The detected information regarding facial features is provided to a morphing module 20. The morphing module responds to user inputs to select facial features, determine the type of morphing, and apply the morphing. The user input can be provided through any peripheral, such as keyboard 22 or mouse 24 with associated keyboard driver 26 and mouse driver 28. After the morphing has been applied, the video feed is provided to application software 30. The application software could be an instant messenger application, a video conferencing application, or any other application which uses video. In one embodiment, the delay caused by the use of the feature recognition and morphing software is less than one frame of video.

Morphing Quick Assistant

FIG. 3A shows a hovering dialog box 32, which is a quick assistant that will open and appear on the screen when live video is requested. This automatic activation is accomplished by the camera or video driver software, which detects when a request is made for a video feed from an application, such as an instant messenger application. The quick assistant will appear close to the window of the program that called for the live video, so it will appear as if it were part of that application. An example for instant messaging is shown in FIG. 7. This provides an advantage in allowing the morphing application to work with third-party applications that use a video feed and need not be modified to accommodate the morphing engine. The user will typically assume that the quick assistant is part of that third-party application. This increases the ease of use and acceptation of the new technology.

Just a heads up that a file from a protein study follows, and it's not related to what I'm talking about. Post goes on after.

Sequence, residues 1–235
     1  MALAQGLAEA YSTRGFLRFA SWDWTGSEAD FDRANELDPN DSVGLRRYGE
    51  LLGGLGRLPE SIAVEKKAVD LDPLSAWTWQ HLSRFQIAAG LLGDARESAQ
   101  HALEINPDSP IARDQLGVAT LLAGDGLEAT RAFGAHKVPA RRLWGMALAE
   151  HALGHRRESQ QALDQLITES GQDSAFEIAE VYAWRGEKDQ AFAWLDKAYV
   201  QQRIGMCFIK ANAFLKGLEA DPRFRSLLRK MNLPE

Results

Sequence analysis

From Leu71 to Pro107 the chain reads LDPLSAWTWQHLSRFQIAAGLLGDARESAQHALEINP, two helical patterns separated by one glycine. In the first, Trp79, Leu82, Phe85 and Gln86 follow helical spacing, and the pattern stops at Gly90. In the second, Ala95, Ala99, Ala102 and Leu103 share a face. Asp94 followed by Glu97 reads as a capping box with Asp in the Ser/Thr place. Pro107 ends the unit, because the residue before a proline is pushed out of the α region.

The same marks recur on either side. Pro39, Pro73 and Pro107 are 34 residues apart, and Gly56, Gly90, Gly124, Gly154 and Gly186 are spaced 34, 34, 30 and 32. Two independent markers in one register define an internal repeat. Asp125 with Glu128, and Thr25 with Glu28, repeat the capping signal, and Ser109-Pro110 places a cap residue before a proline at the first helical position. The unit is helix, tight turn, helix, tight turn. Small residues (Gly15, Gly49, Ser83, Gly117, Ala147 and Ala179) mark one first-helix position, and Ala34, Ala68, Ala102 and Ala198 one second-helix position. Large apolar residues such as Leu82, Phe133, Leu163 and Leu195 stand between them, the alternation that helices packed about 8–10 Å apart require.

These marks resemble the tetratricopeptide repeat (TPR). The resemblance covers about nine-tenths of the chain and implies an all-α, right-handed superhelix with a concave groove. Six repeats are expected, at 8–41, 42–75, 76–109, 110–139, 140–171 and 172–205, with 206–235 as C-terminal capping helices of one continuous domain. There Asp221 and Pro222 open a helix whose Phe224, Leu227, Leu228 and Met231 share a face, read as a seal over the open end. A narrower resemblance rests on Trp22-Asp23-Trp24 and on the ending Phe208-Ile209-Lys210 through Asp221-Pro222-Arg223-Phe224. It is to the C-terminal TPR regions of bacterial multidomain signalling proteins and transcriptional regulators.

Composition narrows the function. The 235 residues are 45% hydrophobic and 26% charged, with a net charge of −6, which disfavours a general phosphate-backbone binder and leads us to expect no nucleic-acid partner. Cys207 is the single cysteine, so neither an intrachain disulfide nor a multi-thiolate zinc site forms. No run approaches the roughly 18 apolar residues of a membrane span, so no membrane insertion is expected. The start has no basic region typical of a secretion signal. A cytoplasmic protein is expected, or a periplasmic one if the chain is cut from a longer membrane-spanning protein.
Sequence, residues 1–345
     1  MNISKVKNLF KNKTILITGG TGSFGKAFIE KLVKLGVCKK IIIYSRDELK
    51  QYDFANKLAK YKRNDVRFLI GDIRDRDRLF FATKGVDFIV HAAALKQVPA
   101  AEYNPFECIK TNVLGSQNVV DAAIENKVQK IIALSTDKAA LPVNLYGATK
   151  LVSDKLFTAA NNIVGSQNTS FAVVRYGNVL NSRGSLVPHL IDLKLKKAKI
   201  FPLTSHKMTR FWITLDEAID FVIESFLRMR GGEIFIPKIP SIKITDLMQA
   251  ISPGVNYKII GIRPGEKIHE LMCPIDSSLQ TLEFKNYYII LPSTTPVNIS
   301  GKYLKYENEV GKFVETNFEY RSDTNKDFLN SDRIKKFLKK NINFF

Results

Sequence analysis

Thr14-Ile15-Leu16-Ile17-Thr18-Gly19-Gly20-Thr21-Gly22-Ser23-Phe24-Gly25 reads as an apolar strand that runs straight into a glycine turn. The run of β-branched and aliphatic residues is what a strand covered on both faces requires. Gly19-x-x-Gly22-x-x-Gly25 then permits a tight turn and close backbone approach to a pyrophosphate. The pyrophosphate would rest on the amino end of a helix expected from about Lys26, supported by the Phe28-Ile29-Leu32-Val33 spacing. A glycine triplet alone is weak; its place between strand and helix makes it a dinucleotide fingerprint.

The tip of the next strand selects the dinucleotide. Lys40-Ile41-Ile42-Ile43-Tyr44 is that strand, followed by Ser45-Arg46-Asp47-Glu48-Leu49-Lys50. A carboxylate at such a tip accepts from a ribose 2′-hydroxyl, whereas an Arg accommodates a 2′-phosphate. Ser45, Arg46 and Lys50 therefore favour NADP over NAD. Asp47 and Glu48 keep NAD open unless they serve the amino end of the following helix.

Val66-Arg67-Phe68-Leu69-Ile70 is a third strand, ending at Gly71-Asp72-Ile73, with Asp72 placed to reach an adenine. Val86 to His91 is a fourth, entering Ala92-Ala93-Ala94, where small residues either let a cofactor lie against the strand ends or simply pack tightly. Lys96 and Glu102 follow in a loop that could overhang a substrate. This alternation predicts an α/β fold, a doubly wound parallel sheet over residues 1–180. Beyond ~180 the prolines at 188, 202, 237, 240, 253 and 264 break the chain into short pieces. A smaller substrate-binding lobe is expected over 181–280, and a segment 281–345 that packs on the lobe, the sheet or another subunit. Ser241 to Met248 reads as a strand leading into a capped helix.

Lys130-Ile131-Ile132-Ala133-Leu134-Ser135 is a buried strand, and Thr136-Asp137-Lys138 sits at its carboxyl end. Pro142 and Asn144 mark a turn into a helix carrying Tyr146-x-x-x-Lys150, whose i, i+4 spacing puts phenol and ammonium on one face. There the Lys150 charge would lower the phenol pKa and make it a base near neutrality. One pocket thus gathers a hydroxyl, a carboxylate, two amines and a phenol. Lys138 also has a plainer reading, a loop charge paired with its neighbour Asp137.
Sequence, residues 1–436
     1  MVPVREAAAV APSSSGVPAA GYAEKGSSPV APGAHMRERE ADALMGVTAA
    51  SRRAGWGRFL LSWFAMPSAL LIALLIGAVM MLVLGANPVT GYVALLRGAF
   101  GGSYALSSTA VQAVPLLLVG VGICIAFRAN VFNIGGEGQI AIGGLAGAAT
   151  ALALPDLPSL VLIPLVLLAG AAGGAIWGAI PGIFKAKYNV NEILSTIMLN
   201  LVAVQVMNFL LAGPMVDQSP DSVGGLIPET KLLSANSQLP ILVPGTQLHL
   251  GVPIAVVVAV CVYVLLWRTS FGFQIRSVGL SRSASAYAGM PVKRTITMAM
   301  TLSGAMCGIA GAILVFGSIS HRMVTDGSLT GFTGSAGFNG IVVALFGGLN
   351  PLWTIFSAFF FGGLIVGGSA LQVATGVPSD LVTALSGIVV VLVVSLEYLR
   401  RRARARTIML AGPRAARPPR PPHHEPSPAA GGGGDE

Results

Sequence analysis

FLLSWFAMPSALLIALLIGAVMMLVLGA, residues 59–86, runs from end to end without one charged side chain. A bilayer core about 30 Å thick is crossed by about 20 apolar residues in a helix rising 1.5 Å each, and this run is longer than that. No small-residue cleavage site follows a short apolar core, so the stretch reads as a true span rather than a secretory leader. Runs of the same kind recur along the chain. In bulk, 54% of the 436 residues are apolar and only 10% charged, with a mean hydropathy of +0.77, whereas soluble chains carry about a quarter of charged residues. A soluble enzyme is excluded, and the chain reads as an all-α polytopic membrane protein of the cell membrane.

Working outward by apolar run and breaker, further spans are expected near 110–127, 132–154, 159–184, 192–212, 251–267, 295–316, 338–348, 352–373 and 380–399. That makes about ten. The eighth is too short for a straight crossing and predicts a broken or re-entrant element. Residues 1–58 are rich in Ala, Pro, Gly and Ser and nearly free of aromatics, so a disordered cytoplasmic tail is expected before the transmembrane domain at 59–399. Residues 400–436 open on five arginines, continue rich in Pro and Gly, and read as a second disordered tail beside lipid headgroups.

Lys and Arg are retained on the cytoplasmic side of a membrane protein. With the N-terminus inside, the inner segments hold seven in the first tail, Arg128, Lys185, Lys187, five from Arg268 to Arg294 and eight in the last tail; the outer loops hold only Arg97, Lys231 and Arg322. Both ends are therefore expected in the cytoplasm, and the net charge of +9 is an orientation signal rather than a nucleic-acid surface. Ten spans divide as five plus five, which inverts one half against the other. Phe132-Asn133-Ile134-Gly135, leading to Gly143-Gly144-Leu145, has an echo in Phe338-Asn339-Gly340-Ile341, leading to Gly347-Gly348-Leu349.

FIG. 3B illustrates a drop down menu 34 of the quick assistant dialog box 32. Examples of options are shown, others may be provided in other embodiments. The user can turn on or off face tracking, and can enable tracking of multiple faces. Face tracking may or may not be required for the feature recognition module. The user can click on the Video Effect Selection and another dialog box would appear, such as the examples set forth in FIG. 4 or 5A. The menu can include options that are not part of the morphing features, but which a user may desire to modify at the same time, such as camera position. The options may allow the user to enable a video morphing effect, select an effect, or go to the Internet to download more effects.

Options